Laziness: From Caveman to You

Published on SubStack, December 2, 2022

Laziness is the sum of hundreds, if not thousands of “shortcut” decisions. It’s a habit rather than a personality trait. Now, before you beat yourself up (or someone else for that matter), remember that we’re all human, and, as such, laziness is a part of our nature.

Your brain does a lot of work keeping you alive. Naturally, it doesn’t want to exhaust itself by doing things that are unnecessary. It’ll choose the easiest path with the least amount of effort in order to keep on chugging along. That was a good thing when times were tough. These days… well, if you have indoor plumbing and a smartphone, you’re a far cry from our caveman ancestors.

How do we overcome laziness when it’s embedded in our DNA? I’ve developed a quick trick and I’ll share it with you in a moment. But first, let’s understand laziness a little better.

Blame the caveman

When we humans lived as hunter-gathers, energy was vital. After all, by description, we spent most of our days hunting and gathering food to fuel the next day of hunting and gathering. It was hard work and our ancestors burned a ton of calories. Basically, it was like driving a Hummer and hoping you made it to the next gas station without running out of gas.

The human brain is smart. The only way we could survive as a species was if we figured out ways not to run out of fuel. If we didn’t need to exhaust energy, we wouldn’t. After eons of this sort of lifestyle, we became highly efficient lazy creatures. It took a lot of work to get this lazy!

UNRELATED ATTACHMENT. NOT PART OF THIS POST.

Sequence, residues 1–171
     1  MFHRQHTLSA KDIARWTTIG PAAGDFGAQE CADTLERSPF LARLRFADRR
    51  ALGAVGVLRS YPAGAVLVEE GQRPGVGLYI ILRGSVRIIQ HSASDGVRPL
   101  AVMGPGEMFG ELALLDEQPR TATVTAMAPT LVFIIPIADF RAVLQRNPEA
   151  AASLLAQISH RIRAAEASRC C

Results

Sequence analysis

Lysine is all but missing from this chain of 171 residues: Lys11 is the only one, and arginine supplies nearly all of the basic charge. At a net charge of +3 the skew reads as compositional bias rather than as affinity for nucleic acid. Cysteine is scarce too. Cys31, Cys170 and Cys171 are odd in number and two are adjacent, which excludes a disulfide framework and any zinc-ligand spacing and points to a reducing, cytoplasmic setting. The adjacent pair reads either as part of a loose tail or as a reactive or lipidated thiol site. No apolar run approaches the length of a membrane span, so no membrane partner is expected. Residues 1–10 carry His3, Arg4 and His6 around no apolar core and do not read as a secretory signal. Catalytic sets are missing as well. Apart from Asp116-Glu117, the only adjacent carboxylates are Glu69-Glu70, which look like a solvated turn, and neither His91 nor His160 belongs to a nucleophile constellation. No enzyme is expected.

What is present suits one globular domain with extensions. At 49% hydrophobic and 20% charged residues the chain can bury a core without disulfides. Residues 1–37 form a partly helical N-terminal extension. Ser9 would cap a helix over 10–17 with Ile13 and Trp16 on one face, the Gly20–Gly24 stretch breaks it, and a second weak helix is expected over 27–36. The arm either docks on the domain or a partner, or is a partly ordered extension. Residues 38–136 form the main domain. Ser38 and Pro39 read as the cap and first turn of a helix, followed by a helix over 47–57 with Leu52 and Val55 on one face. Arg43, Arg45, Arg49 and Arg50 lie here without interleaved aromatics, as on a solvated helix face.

Bread and circuses, Grubhub, and Netflix

Fast forward to modern times in first-world cultures and sustaining life isn’t so precarious. Food readily available. Heck, nowadays, with the push of a button, a courier will pick up your ordered food and deliver it to your door. There’s absolutely no hunting or gathering on your part.

Along with overcoming that whole not-starving-to-death problem, we looked for ways to fill the time we would normally be hunting and gathering. Enter entertainment. In its heyday, Rome entered into a time of “panem et circenses” (i.e., bread and circuses). If all roads lead to Rome, then it’s no wonder we’re at the same point.

A quick and easy way to beat laziness… kinda

If laziness came from thousands of “shortcut” decisions, overcoming it will take thousands of “not-so-shortcut” decisions. Here’s my trick for hacking laziness:

When tempted to take a shortcut on any given task, spend an additional 10-30 seconds doing it properly.

For the most part, laziness is simply avoidance. Facing a small task and doing it right will have a ripple effect. Your brain will still want to do things the lazy way, but your spirit will override it.

Get started

Speaking of spirit, in the movie “Spirited,” Ryan Renolds’s character sings the line, “People are lazy.” True. Yet, you are not “people,” but your own person. Trimming laziness out of your life one small task at a time will eventually have a huge impact. Start today and see where you’re at in a year.

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